Axillary Lymph Node Dissection Predictive for Lymphedema in Breast Cancer
Lymphedema, a common side effect of breast cancer treatment, can impact quality of life and limit work ability.
Axillary lymph node dissection may be predictive of lymphedema among patients with breast cancer after chemotherapy, according to a study published in Supportive Care in Cancer.
Breast cancer treatment commonly leads to lymphedema — a collection of fluid that causes swelling — in the arms and leads to not only limitations of daily activity, but also emotional distress and limited work ability. Although the prevalence of lymphedema is well documented among patients after the completion of adjuvant therapy with docetaxel, doxorubicin, and cyclophosphamide (TAC), there is a lack of data regarding the incidence of lymphedema during TAC and its impact on daily life during and after TAC.
For this prospective study, investigators analyzed the results of 74 patients with stage I-III breast cancer scheduled to receive TAC after surgery with or without radiotherapy.
Changes in volume were assessed with tape measurements, and study authors defined lymphedema as a volume difference greater than 10%. Outcomes were measured at baseline prior to cycle 1 (T0), during chemotherapy prior to cycle 2 (T1) and cycle 4 (T2), and 1 month after cycle 6 (T3). Patients received the Lymph-International Classification of Functioning (ICF) questionnaire 3 months after completing treatment.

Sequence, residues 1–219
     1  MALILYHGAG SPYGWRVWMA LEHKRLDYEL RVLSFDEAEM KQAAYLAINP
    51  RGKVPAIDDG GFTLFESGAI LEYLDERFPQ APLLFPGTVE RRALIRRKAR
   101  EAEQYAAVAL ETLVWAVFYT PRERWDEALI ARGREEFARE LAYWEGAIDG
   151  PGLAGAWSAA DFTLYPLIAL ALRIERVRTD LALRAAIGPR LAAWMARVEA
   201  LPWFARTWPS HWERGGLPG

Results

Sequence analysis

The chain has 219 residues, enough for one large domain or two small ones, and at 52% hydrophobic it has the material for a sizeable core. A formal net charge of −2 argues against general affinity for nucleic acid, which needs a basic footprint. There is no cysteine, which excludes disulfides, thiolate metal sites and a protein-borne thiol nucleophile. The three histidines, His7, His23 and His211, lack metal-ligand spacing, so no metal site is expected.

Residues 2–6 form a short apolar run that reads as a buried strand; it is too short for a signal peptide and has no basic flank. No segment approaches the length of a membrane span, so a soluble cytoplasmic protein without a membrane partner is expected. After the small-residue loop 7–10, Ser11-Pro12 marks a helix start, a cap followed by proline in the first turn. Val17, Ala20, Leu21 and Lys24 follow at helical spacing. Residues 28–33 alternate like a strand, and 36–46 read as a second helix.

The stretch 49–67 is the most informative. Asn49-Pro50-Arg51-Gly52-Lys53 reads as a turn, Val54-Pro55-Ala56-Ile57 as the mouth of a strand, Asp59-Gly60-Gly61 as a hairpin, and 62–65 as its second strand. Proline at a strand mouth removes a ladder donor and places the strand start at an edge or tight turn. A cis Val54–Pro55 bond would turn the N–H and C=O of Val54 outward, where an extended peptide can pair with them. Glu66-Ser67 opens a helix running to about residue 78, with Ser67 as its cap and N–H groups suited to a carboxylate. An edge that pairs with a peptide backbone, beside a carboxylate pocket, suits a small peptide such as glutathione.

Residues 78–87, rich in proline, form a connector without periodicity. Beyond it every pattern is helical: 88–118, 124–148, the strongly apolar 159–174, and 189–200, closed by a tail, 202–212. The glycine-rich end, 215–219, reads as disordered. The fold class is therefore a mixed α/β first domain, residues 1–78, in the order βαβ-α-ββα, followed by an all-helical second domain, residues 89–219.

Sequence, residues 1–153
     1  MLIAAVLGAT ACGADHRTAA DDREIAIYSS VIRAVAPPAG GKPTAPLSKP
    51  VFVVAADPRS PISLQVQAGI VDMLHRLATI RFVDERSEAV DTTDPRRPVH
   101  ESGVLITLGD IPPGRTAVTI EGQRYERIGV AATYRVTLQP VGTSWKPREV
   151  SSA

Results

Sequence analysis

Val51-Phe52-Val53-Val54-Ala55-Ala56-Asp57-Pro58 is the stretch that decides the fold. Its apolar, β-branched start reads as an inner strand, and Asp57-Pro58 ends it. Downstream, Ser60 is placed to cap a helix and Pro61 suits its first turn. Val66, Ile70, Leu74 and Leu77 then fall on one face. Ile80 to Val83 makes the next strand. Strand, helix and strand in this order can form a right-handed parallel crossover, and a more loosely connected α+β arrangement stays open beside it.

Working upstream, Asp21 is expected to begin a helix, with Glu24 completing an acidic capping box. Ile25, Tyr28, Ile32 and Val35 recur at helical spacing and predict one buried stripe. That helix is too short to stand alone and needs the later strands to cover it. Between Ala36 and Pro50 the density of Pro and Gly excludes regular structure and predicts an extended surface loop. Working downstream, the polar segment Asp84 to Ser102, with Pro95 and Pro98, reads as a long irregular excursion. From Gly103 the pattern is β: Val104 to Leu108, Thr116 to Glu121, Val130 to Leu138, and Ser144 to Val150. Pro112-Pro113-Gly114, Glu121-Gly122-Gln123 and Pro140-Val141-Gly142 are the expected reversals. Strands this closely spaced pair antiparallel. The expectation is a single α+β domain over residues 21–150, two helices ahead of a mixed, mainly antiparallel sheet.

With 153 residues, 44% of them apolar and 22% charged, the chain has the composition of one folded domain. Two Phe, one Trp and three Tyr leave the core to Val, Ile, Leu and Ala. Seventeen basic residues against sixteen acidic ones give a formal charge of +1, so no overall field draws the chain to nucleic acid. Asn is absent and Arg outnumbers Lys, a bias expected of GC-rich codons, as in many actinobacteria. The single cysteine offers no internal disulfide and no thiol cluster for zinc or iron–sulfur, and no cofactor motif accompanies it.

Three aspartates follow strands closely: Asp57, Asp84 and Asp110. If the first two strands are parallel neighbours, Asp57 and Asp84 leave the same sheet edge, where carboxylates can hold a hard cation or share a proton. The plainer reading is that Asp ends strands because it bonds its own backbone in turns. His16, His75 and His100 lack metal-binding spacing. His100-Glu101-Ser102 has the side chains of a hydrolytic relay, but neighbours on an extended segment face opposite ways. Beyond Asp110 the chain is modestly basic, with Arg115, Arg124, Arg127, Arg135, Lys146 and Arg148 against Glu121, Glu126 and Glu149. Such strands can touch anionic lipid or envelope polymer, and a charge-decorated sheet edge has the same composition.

A total of 48 patients completed all measurements. Patients did not experience any change in volume during TAC treatment, but 25% (12) of patients reported significant posttreatment volume increases at T3 compared to T0 to T2 (2.3% to 5.1%; P =.01).
Axillary lymph node dissection was the only predictive factor significantly associated with lymphedema (effect size, 2.9%; 95% CI, 0.02-5.7; P <.05).
Results of the Lymph-ICF revealed the development of significant impairments compared to T0 to T2. Patients with lymphedema at T3 had significant associations between the total scores of physical function/mobility abilities component of the Lymph-ICF and total volume.
The authors of the study concluded, “Altogether, monitoring swelling seems to have added value and seems to be clinically relevant.”
Hidding JT, Beurskens CHG, van der Wees PJ, Bos WCAM, Nijhuis-van der Sanden MWG, van Laarhoven HWM. Changes in volume and incidence of lymphedema during and after treatment with docetaxel, doxorubicin, and cyclophosphamide (TAC) in patients with breast cancer [published online November 10, 2017]. Support Care Canc. doi: 10.1007/s00520-017-3907-1